Sunday 21 July 2019

BRiC's Collective Voice: Moving forward

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'Most of all we want to spend time with the people we love.'

A breast cancer diagnosis can be traumatic and leave us at one extreme numb, or at the other, overwhelmed by our emotion. A diagnosis of secondary breast cancer even more so. This week our discussion focused on what we have found helpful in moving forward: things we have done, things we have changed.

Moving forward, for those of us with secondary breast cancer, means living with cancer on a day to day basis, knowing that treatment will be ongoing.  For those recovering from a primary diagnosis, it's about gaining physical and mental strength with which to live our best lives alongside the ever present fear that our cancer will spread or recur.  

Our women have found many things helpful, both practical and attitudinal.  After the shattered self-confidence which accompanies harsh treatment, learning self-respect, to value ourselves, damaged as we may be, is key. We find that practising self-compassion is vital, as we try to look after ourselves well, allowing ourselves little breaks, treats, gifts to ourselves. We give ourselves a symbolic hug regularly by spoiling ourselves, just a little bit. 

Exercise is very important for all of us. For some, this is a few stretches following surgery, a totter round the house, a gentle stroll up the road. For others, it's a run, a climb, a hike, a physical challenge that says to the world, here I am, look, I can still cut it! Despite cancer, despite extreme fatigue, medication side effects, I'm here, moving to the very best of my ability, even if it isn't as much as I could do before. 

We pay attention to our diet, drinking more water, eating well. This helps us physically and mentally with mood stability.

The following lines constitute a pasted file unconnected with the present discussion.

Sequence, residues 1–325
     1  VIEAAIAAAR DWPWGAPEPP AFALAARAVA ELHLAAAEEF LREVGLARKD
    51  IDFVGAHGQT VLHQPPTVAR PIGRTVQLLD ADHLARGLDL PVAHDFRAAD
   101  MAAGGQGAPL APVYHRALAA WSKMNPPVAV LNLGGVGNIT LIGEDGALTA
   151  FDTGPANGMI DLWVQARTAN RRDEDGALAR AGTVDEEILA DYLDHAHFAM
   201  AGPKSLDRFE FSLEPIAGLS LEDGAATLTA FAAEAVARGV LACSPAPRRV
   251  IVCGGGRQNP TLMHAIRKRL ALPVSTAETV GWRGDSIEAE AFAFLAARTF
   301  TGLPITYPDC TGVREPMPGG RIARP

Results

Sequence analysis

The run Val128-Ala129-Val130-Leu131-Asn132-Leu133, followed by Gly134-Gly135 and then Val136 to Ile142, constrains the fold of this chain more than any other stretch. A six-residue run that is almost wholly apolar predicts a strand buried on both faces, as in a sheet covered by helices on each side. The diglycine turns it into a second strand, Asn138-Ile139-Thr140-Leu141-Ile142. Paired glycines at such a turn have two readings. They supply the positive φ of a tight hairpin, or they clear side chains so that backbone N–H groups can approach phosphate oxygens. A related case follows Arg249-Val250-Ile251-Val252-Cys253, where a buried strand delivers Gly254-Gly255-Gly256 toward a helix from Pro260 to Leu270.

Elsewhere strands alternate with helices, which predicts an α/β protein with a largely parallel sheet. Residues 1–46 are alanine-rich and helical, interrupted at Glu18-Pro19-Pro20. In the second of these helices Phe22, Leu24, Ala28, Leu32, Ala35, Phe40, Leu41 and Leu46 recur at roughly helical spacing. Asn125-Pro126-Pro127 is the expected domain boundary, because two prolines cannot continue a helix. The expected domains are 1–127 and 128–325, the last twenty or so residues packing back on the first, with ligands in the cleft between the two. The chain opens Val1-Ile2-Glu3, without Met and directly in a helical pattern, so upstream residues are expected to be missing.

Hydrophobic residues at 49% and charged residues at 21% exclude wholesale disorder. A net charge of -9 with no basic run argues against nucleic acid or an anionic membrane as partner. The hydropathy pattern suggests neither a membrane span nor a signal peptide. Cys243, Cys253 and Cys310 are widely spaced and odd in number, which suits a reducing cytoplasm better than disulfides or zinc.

We are more accepting, less questioning. We see the bigger picture, we no longer sweat the small stuff, although it's the small stuff for which we are hugely grateful and our awareness of that increases. We notice more. We are open and determined and we do things our way, less affected by what others think. 

For some, setting personal goals and challenges is key to moving forward, this allows us to push forward, to help design our own futures. It's the challenge that is the triumph, not the outcome. If we make up our minds not to be limited, we can stretch ourselves a little further each day.  

For others, slowing down and being less busy is what helps us move towards an inner peace, using perhaps meditation or writing, making choices which allow us to experience life in a more reflective way.

We learn that stress may be self-imposed and we learn to say no, we learn not to worry about things we can't influence. We are more relaxed about what we can and can't do and can let go of getting it all done straight away, allowing things to wait and knowing that we've done our best, that it's good enough.

Some of us have tidied up our lives, de cluttering our homes alongside our lives. We want our surroundings to support us not hinder us. We tidy up our friends list too, seeing more of the people who support us and make us feel good. 

For those of us with secondary breast cancer, there may be an intense desire to re-prioritise and doing what we want to do with our lives becomes more urgent. These may be big things like travelling, getting married.  Most of all we want to spend time with the people we love.